Minnesota has filled the final spot in its rotation with Jason Marquis, signing the veteran right-hander to a one-year deal worth $3 million.
By replacing Michael Cuddyer and Jason Kubel with Josh Willingham and Ryan Doumit the Twins saved a ton of money for 2012 and beyond, but they also sliced their payroll from $115 million to a projected $100 million.
That and dumping Kevin Slowey on the Rockies left them shopping in the bargain bin for rotation help and Marquis is more or less what you get for $3 million, although it’s worth noting that Slowey will make just $2.7 million in Colorado.
Marquis can’t really be called an innings-eater because he’s missed so much time with injuries over the past few seasons, but he’s had an ERA between 4.00 and 4.60 in four of the past five years and fits the Twins’ pitch-to-contact mold as a ground-ball guy with meager strikeout rates.
It was first reported that the Blue Jays and Jose Bautista were close to a deal last night. Now Ken Rosenthal reports that the deal is near completion. It will likely a two-year contract in the $35-40 million range.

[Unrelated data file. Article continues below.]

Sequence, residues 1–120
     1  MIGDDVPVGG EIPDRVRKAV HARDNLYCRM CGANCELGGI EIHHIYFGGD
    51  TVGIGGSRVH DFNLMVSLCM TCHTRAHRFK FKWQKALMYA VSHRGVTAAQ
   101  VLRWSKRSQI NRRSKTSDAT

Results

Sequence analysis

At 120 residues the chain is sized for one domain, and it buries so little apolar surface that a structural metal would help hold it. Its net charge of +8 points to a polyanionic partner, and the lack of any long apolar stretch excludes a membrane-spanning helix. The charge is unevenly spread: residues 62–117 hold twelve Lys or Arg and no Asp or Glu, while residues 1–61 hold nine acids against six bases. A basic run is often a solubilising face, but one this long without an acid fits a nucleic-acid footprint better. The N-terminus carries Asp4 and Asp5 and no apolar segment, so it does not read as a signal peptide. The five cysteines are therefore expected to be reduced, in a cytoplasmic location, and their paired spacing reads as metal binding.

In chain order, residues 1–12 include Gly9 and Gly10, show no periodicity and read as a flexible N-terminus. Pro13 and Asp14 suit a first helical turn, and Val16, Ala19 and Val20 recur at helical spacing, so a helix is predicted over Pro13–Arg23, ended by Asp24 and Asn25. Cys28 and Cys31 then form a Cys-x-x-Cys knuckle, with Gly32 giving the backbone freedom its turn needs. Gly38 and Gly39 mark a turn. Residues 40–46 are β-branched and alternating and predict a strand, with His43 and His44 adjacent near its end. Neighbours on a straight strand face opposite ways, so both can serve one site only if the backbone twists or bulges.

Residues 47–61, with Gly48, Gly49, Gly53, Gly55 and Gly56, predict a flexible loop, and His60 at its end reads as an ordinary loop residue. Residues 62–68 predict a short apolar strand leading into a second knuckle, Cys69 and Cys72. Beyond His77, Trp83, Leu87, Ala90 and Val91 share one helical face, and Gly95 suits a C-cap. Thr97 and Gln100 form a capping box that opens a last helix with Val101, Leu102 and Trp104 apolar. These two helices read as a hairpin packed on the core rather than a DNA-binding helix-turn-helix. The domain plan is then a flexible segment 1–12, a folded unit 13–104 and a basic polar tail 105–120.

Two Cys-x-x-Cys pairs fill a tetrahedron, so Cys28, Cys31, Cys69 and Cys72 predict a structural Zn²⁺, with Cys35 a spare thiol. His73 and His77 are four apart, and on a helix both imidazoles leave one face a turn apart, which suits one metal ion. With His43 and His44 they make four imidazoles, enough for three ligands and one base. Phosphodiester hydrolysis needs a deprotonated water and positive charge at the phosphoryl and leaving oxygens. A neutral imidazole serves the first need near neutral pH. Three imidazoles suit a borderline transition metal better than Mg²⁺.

Bautista had a tough 2016, hitting .234/.366/.452 with 22 home runs and 69 RBI, and some clubs likely considered a long-term deal for the 36-year-old too risky, this leading to the relative lack of reported interest in Bautista by other clubs. But back-to-back ALCS appearances by the Jays and the success and popularity Bautista has experienced in Toronto make his re-signing there a pretty sensible move for all involved.
The Jays, who already lost Edwin Encarnacion to free agency, get their slugger back on a short term deal. Unlike anyone else, they don’t have to give up the draft pick attached to him via the qualifying offer. Bautista, in turn, will make, on average, more than he would’ve made on the qualifying offer if he would’ve accepted it and a raise over the $14 million he made in 2016.
The Padres have signed Trevor Cahill to a one-year, $1.75 million contract.
As recently as the middle of the 2015 season it looked like Cahill’s career would meet a premature end, but after being released by the Braves and signing with the Cubs in August of that season he has been a remarkably effective reliever. He has posted a 2.61 ERA in 61 games in Chicago and has posted a strikeout rate far above his career norms.
He’s not someone you necessarily want taking the hill when the leverage is high, but in San Diego the leverage won’t be all that high all that often.